Update: Unpermitted Work at County Admin Building

Dawn Kitterman
BRADENTON — In recent weeks, TBT has reported on two separate renovation projects undertaken by the county to its downtown administration building. As previously reported, both renovations were without permit applications, plan review, issuance of a building permit, or inspections by the city or fire authority. As a follow-up to our previous reporting, TBT has received additional comments from the City of Bradenton, Manatee County, and the Florida Department of Business and Professional Regulation.  

Between December 2021 and the Spring of 2022, an extensive renovation to the county building's ninth floor provided significant upgrades to the administrative wing, including to the offices of the county administrator, his assistant, and at least one office of a deputy county administrator.  

Between March and July of 2022, the county building received an additional extensive renovation to its second floor. The project on the second floor included the construction of a new media production studio, an employee break room, offices for the records management division, as well as the construction of office space that was originally intended for employees of the county's Department of Development Services—including the division of building and permitting.

Both renovations included the demolition of existing walls, ceilings, and light fixtures, as well as tens of thousands of dollars for alteration/additions to each floor's electrical systems. On at least one floor, the county altered and/or added to the mechanical A/C system, and on both floors paid invoices showed work had been performed on the building's fire suppression system. The hundreds of invoices from both projects demonstrated the sizable scope of work involved in the renovations.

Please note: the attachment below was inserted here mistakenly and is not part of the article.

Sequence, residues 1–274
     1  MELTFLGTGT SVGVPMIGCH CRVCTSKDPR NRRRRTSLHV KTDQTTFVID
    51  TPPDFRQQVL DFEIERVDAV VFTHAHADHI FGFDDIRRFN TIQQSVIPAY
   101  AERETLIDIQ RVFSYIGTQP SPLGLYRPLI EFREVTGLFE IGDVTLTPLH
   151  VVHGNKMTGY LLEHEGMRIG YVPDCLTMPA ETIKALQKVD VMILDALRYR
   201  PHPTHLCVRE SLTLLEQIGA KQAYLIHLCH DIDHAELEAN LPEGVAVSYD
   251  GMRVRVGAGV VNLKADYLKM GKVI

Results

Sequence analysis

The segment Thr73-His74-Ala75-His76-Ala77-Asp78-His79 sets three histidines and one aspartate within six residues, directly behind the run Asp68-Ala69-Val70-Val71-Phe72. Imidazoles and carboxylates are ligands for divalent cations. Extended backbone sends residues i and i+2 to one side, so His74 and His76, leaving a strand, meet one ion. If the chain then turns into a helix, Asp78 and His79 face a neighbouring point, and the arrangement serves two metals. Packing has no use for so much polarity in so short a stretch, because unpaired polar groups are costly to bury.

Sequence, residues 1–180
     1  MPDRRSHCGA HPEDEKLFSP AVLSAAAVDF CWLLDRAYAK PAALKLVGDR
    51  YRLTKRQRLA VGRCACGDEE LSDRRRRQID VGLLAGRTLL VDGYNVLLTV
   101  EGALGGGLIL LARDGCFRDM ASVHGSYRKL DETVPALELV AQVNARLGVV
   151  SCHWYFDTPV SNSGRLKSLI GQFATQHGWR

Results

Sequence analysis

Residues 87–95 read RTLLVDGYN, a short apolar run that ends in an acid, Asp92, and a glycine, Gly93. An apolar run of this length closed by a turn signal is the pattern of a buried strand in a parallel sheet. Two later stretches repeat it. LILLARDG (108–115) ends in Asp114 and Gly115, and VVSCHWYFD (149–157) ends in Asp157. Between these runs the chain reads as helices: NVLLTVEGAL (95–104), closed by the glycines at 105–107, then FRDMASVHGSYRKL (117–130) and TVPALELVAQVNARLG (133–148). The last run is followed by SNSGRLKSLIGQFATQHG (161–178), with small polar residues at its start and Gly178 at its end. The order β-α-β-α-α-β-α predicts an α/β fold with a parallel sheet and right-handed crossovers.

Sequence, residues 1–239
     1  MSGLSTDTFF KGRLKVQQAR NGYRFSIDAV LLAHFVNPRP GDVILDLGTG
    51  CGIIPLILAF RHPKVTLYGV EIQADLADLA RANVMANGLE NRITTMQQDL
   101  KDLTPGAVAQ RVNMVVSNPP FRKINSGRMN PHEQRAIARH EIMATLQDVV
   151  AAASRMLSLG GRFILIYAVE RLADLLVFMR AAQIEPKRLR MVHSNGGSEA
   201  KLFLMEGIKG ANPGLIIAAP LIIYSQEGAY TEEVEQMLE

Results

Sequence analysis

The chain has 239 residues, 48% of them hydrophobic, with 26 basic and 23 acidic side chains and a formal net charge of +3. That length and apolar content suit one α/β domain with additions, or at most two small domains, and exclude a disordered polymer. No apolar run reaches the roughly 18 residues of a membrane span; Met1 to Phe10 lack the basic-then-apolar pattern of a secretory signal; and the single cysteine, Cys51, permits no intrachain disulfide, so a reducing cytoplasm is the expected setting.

When it was uncovered that the county had failed to follow Florida's Building Code (FBC) by not obtaining a permit from the City of Bradenton—the county's administration building is under the city's jurisdictional authority—for either of its renovation projects, TBT sought more information about the matter. As part of our investigation, we reached out to multiple entities within the city as well as sent an inquiry to the state's Building Commission. TBT had not received a response from the building commission prior to the publication of last weekend's story—but did receive a reply after publication. 

On Wednesday, our emailed inquiry to officials at the Florida Building Commission was answered by the Department of Business and Professional Regulations (DBPR). The respondent, Beth N. Pannell, is the Director of Communications for DBPR. The Florida Building Commission is created and located within the Department of Business and Professional Regulation for administrative purposes.

Our questions sought information and confirmation of TBT’s understanding of the FBC. Pannell's emailed responses were detailed and identified specific portions of the FBC and its relevant statutes.

Below are questions TBT included with our inquiry followed by DBPR Communication Director's replies: 

What exceptions does Florida Building Code allow under the statute concerning permit and inspection requirements for a construction project that includes demolition, framing, changes to floor plans, and electrical work? Our understanding (having read FBC) is that school districts and state-owned buildings are not required to obtain permits, submit plans for review, or have a local building and fire inspector complete inspections under the authority of local governments. Are there any additional municipalities or entities which may be exempt from statute requirements as detailed by FBC?